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Tyler County Booster - Local News

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Tyler CountyAmateur Radio Operators participate in annual ARRL Field Day

Tyler County Booster

by Michael G. Maness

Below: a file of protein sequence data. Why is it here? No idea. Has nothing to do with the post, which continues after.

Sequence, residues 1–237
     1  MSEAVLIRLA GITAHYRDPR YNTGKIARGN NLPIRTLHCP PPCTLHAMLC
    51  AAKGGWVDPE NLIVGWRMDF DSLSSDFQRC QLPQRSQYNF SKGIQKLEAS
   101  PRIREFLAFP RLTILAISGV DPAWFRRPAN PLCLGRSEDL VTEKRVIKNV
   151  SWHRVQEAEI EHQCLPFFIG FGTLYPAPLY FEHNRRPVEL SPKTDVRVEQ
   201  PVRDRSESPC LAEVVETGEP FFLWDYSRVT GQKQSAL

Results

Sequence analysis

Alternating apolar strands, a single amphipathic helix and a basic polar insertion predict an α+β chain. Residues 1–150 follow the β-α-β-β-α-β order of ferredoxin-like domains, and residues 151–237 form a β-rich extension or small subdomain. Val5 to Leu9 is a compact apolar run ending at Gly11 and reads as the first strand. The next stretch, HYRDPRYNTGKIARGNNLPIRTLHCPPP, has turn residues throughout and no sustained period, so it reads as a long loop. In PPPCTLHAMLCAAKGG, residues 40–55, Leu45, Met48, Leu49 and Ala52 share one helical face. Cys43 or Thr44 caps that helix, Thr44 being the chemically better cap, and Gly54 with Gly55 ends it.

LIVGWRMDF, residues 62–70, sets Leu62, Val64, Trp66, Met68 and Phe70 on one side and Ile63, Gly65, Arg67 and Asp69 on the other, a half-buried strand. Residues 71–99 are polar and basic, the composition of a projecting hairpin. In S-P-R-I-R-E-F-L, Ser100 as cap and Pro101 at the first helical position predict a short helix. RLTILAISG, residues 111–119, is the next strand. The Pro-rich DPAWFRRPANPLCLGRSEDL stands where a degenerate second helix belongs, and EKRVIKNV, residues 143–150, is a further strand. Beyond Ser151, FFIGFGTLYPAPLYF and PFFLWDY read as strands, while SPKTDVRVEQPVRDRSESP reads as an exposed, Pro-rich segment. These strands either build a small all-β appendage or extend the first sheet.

Turkey—Rhonda Holcomb, KG5SJT, made the farthest connection this weekend during the Tyler County Amateur Radio Association's third annual official field day that officially kicked off internationally at 1 p.m., Saturday, June 24, in the Tyler County Emergency Op Center next to the Nutrition Center in Woodville. Field day is an international effort among 700,000-plus Americans and 3,000,000 others around the world, one of the few old-school gatherings on earth where true worldwide peaceful communication takes place every year. TCARA was up all night from 1 p.m. Saturday to Sunday at 4 p.m., 27 hours straight. At the start, remnants of tropical storm Cindy portended to test the mettle of these fired-up radio enthusiasts. "These are the best conditions for us," said James Wedgeworth, KG5HXM, the worse the weather the better to test their equipment and skills. Wedgeworth's son, Joseph Wedgeworth, KG5INU, is 13 years old and the youngest active licensed radio operator in the TCARA. Petri, KF5YDG, had already spent the day before preparing the center and lining out the equipment. They had six stations running with the capability to do "every mode," including voice, digital, data and Morse Code. They were grateful to be using the Tyler County Emergency Op Center. While not a true competition, as the operators are not trying to "beat" anyone, the TCARA does get points for a long list of emergency and communication preparedness items and connections. Using the Op Center itself allowed TCARA more points in the international event. Amateur Radio Emergency Services Coordinator Nick Toparcean, AE5VV, decades-long radioman, presented to Robert "Bob" Caruthers, KG5SFI, his Extra Class License certificate this weekend, which is the top level radio license allowing Caruthers more access under FAA law. The main objective of these exercises is to keep vital communication going in the event of escalated emergencies, be that the weather or a nasty terrorist. For whatever reason, should the hospital or sheriff or county lose communication, the TCARA can be up and running for about $10 in about ten minutes. They can even talk with the International Space Station. Petri said, the Morse Code "distress call of the Titanic was heard round the world." TCARA began over four years ago, and today Petri maintains their vast website, WD5TYL.org, that continues to add features—a real labor of love for this radio expert. The American Radio Relay League, established in 1914, hosts ARRL Field Day every year for a 27 hour marathon of international communication that crisscrosses the globe. The goal is "To work as many stations as possible on any and all amateur bands … and to learn to operate in abnormal situations" (from ARRL.org). Always on the fourth Saturday in June at 1800 or 6 p.m. Zulu or Greenwich Mean Time, which is set at the Prime Meridian in Greenwich, England In Woodville it was 1 p.m. because of daylight savings. This year the TCARA made over 293 connections. Preliminary points were about 2,600, besting last year by about 300 points which will be fully calculated later in the week. Petri said, "This was our best field day experience to date. The weather may have been wet, but the radio conditions were great. We had a wonderful time of fellowship with the public and fellow hams around the country and world." The TCARA meets every first Thursday at 7 p.m. at 201 Veteran's Way in Woodville. Visitors are welcome, and for a load of info see WD5TYL.org.

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